Four finalists being considered for top position at Oakland Police Department
on November 16, 2020
The Oakland Police Commission recently announced four finalists under consideration for the role of Oakland’s next chief of police.
The position has remained open since Oakland Mayor Libby Schaaf fired Chief Anne Kirkpatrick last February. Kirkpatrick was ousted after the Police Commission lost faith in her leadership and voted to recommend her dismissal.
Susan Manheimer has led the department as interim police chief since March, but she was not named as one of the four finalists for the permanent position. Before coming to Oakland, Manheimer was the police chief in San Mateo for nearly 20 years.
The candidates for the job responded to a job description that called for a law enforcement executive who would “eradicate the Department’s role in racial profiling, implicit bias, and structural racism, thereby helping to dismantle mechanisms of discrimination, oppression, and violence.” It also described a leader who would champion efforts to “defund” aspects of the “overbroad authority and jurisdiction of OPD.”
The new chief will lead 730 sworn officers in a struggle to fight rising homicide numbers. Last week, Oakland homicides topped 100 for the first time in seven years. The last six months have also seen a sharp uptick in assaults with a firearm, with 262 cases representing a 61% increase over the same time period in 2019. Robbery and burglary rates are down 32% and 50%, respectively.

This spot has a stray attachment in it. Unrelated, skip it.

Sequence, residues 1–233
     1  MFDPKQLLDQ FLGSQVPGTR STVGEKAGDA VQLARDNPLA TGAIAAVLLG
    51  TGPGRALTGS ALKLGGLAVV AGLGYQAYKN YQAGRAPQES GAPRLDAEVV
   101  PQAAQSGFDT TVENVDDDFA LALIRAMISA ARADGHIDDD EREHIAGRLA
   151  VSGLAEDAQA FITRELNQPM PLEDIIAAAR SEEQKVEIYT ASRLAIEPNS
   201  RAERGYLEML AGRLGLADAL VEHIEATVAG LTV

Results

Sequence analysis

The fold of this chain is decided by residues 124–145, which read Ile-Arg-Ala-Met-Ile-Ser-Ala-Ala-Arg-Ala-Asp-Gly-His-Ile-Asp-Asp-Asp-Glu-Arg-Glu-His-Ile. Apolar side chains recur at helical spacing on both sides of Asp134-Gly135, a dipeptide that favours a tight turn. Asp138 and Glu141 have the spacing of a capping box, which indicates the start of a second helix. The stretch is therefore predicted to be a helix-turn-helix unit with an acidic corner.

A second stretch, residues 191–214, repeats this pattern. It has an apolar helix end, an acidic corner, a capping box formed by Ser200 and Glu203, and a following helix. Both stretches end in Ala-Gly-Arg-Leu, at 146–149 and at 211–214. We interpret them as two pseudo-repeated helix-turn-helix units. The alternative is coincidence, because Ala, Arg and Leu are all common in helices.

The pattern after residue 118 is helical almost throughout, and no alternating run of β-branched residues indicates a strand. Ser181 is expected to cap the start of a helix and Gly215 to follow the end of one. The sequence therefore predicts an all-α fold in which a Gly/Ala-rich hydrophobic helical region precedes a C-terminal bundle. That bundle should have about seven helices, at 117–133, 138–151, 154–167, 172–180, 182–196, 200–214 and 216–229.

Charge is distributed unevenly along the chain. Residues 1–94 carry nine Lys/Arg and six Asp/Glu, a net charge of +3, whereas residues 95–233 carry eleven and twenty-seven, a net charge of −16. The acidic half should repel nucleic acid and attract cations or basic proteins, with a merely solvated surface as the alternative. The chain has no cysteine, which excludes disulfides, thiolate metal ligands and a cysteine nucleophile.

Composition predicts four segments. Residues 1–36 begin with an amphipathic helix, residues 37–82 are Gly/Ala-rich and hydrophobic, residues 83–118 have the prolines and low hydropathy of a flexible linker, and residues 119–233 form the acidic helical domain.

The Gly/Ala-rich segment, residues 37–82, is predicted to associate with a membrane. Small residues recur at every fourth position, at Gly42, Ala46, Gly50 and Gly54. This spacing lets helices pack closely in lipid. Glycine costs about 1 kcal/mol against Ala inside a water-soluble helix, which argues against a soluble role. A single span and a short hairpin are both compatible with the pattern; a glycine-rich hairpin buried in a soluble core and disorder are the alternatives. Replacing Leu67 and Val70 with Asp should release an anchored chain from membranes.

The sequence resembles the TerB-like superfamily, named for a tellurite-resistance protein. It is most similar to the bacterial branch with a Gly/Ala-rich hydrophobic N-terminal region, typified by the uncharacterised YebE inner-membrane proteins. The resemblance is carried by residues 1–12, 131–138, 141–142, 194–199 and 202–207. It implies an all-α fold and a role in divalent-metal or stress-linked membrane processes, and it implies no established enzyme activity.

The listed salary range for the job is $239,633 – $306,555 annually. OPD had a budget of $330 million for the fiscal year 2020-21.
LeRonne Armstrong is OPD’s Deputy Chief of Police. In that role, he is the Commanding Officer of the Bureau of Field Operations – East and Commanding Officer of the Special Operations Division.
He has worked for the department since 1999 and has served in patrol, criminal investigation, gang intelligence and youth and school safety.
A West Oakland native, Armstrong recently told the Guardian that growing up, his mother said, “We don’t talk to the police. We don’t expect the police to do anything for us besides take us to jail or potentially kill us.”
In 1985, Armstrong’s teenage brother was shot to death by another student after a fight at school. Officers quickly arrested the suspect, a moment Armstrong pointed to as a turning point in his view of the police.
In his public questionnaire filed as part of the application process, Armstrong wrote that “OPD continues to face a lack of trust within the community.”